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6 Near Death Experiences & Covid

Master of Public Administration. Married with 4 boys and 4 girls. Wealth of humorous, faith-filled, and fascinating experiences.


Close Calls

I was hospitalized as an infant for pneumonia, had a lawn tractor accident at age 11, encountered the deadliest beach in Hawaii, hospitalized for a treatment resistant staph infection, slipped off a mountain and survived COVID-19.

Infant Pneumonia

At age 3 months, my parents said I was wheezing and coughing violently in the middle of the night. I had trouble breathing. They thought I might die. They rushed me to the hospital where I was diagnosed with a severe case of pneumonia. According to the Center's for Disease Control, each year in the United States, about 1 million people are hospitalized with pneumonia, and about 50,000 people die. The World Health Organization states, “Pneumonia is the single largest infectious cause of death in children worldwide."

The doctor gave my parents medicine and sent us home. I recovered.

My baby photo

My baby photo

Age 11: Trapped Beneath a Lawn Tractor

In 1979, we lived on a farm in Iowa. My father asked me to mow the lawn while he and mom went to work. My younger brothers were with our grandparents in Des Moines. I was left alone. I didn't mind and I didn't feel I was being abandoned or abused. I rather enjoyed the thought of having the farm to myself. But I didn't really want to mow the lawn.

We had a red 3-speed Dynamark lawn tractor. I was too young to drive a car, so this was one cool machine. I hopped on and turned the key. I approached a hill that was on the East side of our property. I lined the front wheels straight onto the hill and began to climb it. The front wheels lifted off the ground and the tractor began to tip over backwards. The first thought I had was to kill the engine by turning the key. But it was too late. The tractor, close to 1000 pounds in those days, completely turned over with all 4 wheels in the air trapping me and crushing my body underneath. I was terrified. I was screaming and there was no one around to hear me. I thought that the gasoline was going to leak out, ignite and catch me on fire.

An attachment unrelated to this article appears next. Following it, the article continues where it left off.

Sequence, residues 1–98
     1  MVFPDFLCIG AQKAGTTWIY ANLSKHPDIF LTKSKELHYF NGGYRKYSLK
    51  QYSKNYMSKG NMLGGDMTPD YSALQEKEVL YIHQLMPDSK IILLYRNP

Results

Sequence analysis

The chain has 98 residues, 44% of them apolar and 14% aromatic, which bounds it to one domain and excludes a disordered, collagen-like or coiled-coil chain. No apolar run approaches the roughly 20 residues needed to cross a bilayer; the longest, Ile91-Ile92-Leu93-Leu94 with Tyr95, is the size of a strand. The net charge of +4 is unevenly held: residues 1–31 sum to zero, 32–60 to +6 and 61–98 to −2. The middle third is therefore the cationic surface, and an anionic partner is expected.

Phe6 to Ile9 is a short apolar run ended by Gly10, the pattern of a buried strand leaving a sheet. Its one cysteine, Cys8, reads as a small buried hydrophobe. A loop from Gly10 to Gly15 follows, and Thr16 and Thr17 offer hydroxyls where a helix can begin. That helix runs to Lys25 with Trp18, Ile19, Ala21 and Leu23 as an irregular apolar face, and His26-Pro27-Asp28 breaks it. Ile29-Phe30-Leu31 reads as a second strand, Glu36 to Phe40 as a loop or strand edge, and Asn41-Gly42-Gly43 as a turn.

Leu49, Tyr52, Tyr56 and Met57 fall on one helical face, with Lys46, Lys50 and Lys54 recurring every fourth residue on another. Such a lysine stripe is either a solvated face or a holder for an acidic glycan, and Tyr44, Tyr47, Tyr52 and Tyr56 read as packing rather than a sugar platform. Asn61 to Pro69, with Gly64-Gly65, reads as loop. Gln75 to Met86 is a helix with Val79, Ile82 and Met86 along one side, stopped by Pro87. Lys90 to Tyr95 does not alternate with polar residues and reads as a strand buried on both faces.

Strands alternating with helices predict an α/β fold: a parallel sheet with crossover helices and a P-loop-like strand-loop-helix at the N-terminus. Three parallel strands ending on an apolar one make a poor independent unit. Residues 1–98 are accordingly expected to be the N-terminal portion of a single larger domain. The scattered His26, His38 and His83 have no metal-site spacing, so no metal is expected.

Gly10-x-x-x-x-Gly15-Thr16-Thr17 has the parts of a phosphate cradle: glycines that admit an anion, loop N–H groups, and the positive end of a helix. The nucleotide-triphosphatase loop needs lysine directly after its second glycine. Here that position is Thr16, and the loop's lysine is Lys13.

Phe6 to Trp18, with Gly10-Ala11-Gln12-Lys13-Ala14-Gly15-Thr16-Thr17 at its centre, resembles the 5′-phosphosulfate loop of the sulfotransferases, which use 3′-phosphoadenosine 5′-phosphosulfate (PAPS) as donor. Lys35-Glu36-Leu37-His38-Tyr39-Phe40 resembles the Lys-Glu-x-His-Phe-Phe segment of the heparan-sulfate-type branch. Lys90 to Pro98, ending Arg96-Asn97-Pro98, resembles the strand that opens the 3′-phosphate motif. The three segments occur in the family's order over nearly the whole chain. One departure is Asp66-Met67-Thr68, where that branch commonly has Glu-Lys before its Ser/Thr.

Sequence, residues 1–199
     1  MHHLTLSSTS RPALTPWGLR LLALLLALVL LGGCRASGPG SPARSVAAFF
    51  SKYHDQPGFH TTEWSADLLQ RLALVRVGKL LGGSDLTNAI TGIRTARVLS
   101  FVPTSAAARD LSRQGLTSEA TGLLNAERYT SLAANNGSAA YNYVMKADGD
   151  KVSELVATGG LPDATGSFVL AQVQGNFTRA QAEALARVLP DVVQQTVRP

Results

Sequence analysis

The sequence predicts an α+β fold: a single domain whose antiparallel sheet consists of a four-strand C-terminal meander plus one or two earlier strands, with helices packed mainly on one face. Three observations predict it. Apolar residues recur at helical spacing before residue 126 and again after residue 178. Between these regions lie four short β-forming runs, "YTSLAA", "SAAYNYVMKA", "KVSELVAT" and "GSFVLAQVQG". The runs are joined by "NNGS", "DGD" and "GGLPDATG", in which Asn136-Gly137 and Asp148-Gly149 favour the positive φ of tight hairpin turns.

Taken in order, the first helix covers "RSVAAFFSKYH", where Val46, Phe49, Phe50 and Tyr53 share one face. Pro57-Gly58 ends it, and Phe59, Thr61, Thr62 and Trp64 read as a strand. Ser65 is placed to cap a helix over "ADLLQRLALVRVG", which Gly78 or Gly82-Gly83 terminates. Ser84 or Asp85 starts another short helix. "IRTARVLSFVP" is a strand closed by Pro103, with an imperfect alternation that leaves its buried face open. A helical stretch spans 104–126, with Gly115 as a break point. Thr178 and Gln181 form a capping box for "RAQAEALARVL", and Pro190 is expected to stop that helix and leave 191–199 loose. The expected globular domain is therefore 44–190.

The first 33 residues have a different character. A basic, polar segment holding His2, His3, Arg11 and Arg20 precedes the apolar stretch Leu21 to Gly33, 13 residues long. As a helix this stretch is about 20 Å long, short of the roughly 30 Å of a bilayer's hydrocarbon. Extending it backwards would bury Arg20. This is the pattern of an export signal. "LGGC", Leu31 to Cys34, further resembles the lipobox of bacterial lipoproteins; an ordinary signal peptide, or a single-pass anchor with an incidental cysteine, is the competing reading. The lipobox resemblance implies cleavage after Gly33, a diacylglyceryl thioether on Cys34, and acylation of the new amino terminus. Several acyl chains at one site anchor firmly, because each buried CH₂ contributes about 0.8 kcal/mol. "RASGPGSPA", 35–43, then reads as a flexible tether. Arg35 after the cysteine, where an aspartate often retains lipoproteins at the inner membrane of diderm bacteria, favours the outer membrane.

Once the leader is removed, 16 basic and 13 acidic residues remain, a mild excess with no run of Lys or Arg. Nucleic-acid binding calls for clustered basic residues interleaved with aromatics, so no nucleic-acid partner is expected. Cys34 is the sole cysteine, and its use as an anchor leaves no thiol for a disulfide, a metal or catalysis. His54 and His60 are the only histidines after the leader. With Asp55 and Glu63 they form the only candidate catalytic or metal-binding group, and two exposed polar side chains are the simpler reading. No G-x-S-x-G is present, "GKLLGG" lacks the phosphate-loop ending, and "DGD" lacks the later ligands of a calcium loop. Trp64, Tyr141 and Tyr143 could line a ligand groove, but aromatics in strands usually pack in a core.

I pushed as hard as I could with my legs. Somehow my 11 year old body was able to push it back over. It landed back on all 4 wheels. I was wailing and crying. The tractor suffered a bent seat and some dents. I got onto my feet and limped back towards the farm house. Mom had a list of emergency phone numbers posted near the kitchen phone.

I called her first. She worked for the telephone company in downtown Des Moines, some 20 miles from home. I was crying loudly into the phone, "Mom! I tipped the tractor over!" She replied, "What? Are you hurt?" I said, "I think I'm OK, but the tractor is not!" She said, "I don't care about the tractor, I care about YOU! Are you all right? Are you hurt?" I replied, "I don't know." I looked myself over and noticed a cut in my right knee with blood running all the way to the floor. I screamed, “I'M BLEEDING!!!" She said to call the nearest neighbor. I called the lady across the road. She came and picked me up in her car and brought me to her house. I showered. She applied some salve on my cut and gave me a hot bowl of soup. I was achy all over. I felt pain in other areas of my body, especially in my right leg where I developed a bruise the size of a fist. It had a yellow knot in the middle with black, blue and purple shading.

Mom arrived. She said she drove as fast as she could and was prepared for being pulled over by the police. She was so glad to see me and that I received good care by the neighbor. She thanked her and took me back home.

I was sore for weeks after that. It took the rest of the summer for the bruise and knot to clear.

Had I not been able to push the tractor off of me, I am sure it would have ended differently. There is no doubt in my mind that there was a combination of adrenaline and God’s supernatural strength that saved me that day.

Dynamark Tractor

Dynamark Tractor similar to the one we had

Dynamark Tractor similar to the one we had

Dislocated my Shoulder on Honeymoon

In 1993 my wife and I honeymooned in Hawaii. We went to Sandy Beach, a popular surfing location. I purchased a body board at a local store. It was made out of Styrofoam and comparable to a lid for a cooler.